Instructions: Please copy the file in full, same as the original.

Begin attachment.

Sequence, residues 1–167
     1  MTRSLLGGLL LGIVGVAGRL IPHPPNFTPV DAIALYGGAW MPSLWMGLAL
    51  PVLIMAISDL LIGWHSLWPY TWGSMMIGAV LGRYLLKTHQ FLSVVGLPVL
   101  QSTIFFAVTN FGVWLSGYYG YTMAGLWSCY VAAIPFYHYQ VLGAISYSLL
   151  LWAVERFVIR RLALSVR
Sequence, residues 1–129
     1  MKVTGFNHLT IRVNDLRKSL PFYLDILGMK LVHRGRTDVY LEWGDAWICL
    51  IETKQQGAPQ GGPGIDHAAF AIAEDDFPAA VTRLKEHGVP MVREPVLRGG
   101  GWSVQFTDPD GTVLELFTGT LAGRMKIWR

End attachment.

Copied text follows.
Sequence, residues 1–167
     1  MTRSLLGGLL LGIVGVAGRL IPHPPNFTPV DAIALYGGAW MPSLWMGLAL
    51  PVLIMAISDL LIGWHSLWPY TWGSMMIGAV LGRYLLKTHQ FLSVVGLPVL
   101  QSTIFFAVTN FGVWLSGYYG YTMAGLWSCY VAAIPFYHYQ VLGAISYSLL
   151  LWAVERFVIR RLALSVR
Sequence, residues 1–129
     1  MKVTGFNHLT IRVNDLRKSL PFYLDILGMK LVHRGRTDVY LEWGDAWICL
    51  IETKQQGAPQ GGPGIDHAAF AIAEDDFPAA VTRLKEHGVP MVREPVLRGG
   101  GWSVQFTDPD GTVLELFTGT LAGRMKIWR